The aim of the present thesis is to develop novel surface coating techniques for titanium alloys in order to produce the desired coatings against both oxidation and wear attacks.
A novel packed powder diffusion coating (PPDC) technique was developed to produce composite coatings on Ti alloy substrates with high bonding strength. The PPDC process produces thick and compact composite coating consisting of TiAl3 intermetallic matrix, NiAl3 compound as reinforcement and minor residual Al. The composite coating not only shows significantly increased hardness and wear resistance at dry sliding conditions at room temperature, but also provides effective protection of the substrate from cyclic oxidation in air up to 1000 oC. Its oxidation behavior at high temperatures is compatible with the Superni 75 superalloy. This indicates the potential to partially replace the more expensive and heavy Ni-base superalloys with Ti alloys to be used as heat-resistant materials. The thickness of the coating varies from 50 µm to a few millimeters with the different temperatures, times and the Ni contents in the masteralloy source.
The effects of masteralloy composition, PPDC treatment temperature and time on the thickness, microstructure and mechanical properties of composite coating, hardness in particular, were comprehensively investigated. Optimized PPDC treatment parameters were finalized. This technique is valid to pure Ti and various Ti alloys.
Microstructure and phase analysis of the PPDC coatings produced on pure Ti and Ti-6Al-4V was conducted using optical microscopy, scanning electron microscopy (SEM), X-ray diffraction (XRD) and transmission electron microscopy (TEM). It was indicated that the composite coatings on both pure Ti and Ti alloy are the same, being a compact structure comprising of TiAl3 matrix with a dispersive distribution of NiAl3 particles and a minor residual Al.
An outward diffusion model was proposed to understand the formation mechanism of the composite coatings on Ti alloys. During the PPDC treatment, Ti atoms diffuse from the substrate into the surrounding packed powder and react with the Al, forming TiAl3 aluminide. Ni particles in the powder mixture play the key role, not only in formation of NiAl3, which further improve the wear resistance and oxidation resistance, but also promote the diffusion of Ti atoms and reaction between Ti and Al, even though the actual mechanism is still unclear. In addition, although the diffusion of Al atoms into the Ti substrate is relatively much slower, such diffusion is responsible for the formation of diffusion bond, resulting in high bonding strength between the composite coating and the substrate. Obviously, the present PPDC approach is innovatively different from the conventional pack-aluminizing process for steels and Ni-base superalloys, where Al atoms diffuse into the substrates and then modify the surface chemical composition of the substrates.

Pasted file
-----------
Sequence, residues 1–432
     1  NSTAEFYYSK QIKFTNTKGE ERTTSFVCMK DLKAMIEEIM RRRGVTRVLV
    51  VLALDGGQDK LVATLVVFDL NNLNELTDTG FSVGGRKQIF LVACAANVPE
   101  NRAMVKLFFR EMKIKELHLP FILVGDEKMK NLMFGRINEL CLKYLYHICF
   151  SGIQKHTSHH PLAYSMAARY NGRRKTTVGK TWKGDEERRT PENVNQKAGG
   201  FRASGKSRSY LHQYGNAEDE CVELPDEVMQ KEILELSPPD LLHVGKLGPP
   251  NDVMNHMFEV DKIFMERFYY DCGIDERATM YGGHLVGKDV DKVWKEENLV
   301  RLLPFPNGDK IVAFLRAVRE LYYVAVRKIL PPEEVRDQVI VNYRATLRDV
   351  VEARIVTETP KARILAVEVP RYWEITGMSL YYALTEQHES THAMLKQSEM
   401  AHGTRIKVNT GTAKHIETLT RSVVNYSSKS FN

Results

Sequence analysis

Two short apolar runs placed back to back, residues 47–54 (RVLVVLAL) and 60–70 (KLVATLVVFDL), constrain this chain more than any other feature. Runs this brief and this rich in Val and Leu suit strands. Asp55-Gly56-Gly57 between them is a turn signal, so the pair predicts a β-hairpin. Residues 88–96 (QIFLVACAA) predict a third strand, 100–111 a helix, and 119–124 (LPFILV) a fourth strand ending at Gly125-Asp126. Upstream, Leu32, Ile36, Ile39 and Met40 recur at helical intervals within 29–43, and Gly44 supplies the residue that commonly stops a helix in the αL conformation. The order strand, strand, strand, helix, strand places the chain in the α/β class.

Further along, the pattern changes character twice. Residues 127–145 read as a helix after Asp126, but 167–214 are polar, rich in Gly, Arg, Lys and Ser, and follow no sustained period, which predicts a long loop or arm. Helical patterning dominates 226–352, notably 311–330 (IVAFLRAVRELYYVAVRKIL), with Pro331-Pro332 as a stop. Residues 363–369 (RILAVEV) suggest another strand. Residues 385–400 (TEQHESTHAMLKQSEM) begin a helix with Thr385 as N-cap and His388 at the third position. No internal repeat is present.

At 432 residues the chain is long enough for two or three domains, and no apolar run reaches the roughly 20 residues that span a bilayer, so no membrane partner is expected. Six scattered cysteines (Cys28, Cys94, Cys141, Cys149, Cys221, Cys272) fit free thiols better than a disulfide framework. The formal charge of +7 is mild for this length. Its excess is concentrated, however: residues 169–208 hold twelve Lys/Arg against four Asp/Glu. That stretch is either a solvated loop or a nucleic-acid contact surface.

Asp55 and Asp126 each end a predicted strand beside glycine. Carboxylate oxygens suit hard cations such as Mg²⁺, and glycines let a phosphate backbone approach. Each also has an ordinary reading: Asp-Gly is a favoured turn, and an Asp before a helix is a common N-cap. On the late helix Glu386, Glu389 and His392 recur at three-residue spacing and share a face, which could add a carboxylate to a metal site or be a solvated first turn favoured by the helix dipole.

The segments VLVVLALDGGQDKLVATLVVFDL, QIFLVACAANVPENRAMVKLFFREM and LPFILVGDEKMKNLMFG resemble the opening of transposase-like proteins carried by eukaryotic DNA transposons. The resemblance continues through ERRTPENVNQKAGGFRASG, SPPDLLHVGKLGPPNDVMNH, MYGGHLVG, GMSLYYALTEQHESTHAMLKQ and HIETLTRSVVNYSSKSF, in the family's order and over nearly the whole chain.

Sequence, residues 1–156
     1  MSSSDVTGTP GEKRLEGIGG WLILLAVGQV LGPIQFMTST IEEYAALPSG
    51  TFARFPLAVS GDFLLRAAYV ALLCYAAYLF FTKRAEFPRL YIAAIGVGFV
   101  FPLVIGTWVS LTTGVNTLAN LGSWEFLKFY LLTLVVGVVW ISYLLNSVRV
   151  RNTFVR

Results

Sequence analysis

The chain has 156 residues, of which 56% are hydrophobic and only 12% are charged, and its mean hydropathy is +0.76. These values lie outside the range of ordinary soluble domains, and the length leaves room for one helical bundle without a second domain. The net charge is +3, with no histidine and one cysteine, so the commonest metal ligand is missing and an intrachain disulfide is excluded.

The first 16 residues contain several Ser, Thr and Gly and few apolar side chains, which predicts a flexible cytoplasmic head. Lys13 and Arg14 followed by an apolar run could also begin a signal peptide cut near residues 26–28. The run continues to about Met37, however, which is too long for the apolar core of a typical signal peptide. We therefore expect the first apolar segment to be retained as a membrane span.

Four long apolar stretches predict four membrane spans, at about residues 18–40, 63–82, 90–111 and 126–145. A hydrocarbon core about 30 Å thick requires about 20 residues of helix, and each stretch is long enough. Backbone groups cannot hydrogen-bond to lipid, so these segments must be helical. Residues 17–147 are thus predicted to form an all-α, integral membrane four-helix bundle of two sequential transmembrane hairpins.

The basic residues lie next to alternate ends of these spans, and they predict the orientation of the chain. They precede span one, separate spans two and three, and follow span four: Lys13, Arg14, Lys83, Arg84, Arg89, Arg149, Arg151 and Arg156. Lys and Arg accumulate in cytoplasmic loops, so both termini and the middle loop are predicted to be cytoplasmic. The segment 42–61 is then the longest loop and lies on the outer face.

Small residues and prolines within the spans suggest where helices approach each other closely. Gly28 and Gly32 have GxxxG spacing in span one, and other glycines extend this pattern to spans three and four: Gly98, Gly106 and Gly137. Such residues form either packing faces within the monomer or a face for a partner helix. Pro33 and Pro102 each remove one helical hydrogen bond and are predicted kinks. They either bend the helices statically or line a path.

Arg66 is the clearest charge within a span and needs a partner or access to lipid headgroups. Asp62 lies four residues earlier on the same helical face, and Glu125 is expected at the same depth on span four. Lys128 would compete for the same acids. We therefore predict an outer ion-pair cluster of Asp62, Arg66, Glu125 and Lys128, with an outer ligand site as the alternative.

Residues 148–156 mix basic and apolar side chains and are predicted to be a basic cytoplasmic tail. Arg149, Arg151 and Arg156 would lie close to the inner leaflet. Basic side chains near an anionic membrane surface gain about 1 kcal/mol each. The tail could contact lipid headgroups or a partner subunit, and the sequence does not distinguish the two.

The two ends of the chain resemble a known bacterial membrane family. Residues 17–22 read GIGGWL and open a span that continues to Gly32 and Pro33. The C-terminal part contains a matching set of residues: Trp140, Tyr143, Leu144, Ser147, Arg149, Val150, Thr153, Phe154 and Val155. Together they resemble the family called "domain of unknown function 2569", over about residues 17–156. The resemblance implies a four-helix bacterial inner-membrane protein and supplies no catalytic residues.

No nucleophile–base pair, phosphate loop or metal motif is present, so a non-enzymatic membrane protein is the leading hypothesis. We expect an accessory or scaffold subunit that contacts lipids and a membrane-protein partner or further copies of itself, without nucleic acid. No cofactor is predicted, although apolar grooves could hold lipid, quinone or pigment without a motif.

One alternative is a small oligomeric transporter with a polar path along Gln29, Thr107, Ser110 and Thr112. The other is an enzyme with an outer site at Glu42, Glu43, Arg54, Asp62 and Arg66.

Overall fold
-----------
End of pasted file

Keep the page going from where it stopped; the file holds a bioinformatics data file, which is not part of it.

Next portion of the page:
In order to investigate the effects of coating structure and Ni content on the diffusion behavior of Ti and Al, different diffusion couples were prepared through deposition of metals on solid substrates. After heating of these diffusion couples to promote diffusion, it was observed that diffusion of both Al and Ti atoms from the Kinetic Metallization (KM) coatings to the Ti and Al substrates is always much slower than the diffusion from the substrates to the coatings. This indicates that the actual diffusivity of Ti in Al or Al in Ti has little effect on the formation of PPDC coatings, but the coating structure significantly affects the diffusion rate of atoms. Because the inter-particles boundaries in both the KM coatings and the PPDC coatings are loosely bonded as compared with the bulk metals, these boundaries act as the fast diffusion channels to promote the formation of intermetallic. In addition, it was also observed that the additions of Ni can significantly increase the diffusivity of Ti in the TiAl3 coating.
Another novel surface treatment technique developed is a practical, low-cost and environmental friendly gas nitriding process for various titanium alloys. It uses either the powder mixture of 5 wt.% Mg and Al2O3 or the mixture of 60 wt.% Cu and Al2O3 to purify the industrial purity nitrogen. Thus, the contact of high purity nitrogen with the surface of Ti alloy components leads to the formation of compact nitride layers. Compared with the currently available gas nitriding process for Ti alloys using ultrahigh purity nitrogen, the new method significantly reduces the overall costs. After nitriding at 950 oC for 24 hours using Mg purification powder, a 40 µm thick nitride layer can be produced on pure Ti, which resulted in a surface microhardness of HV0.1 1960 that is about 10 times higher than that of the substrate. Optical microscopy, X-ray diffraction and TEM results showed that the nitrides layer on pure Ti comprised of two sublayers, the outmost layer is TiN followed by the adjacent Ti2N layer. Such nitride layer can provide effective protection for Ti alloy substrates to resist wear and corrosion attacks.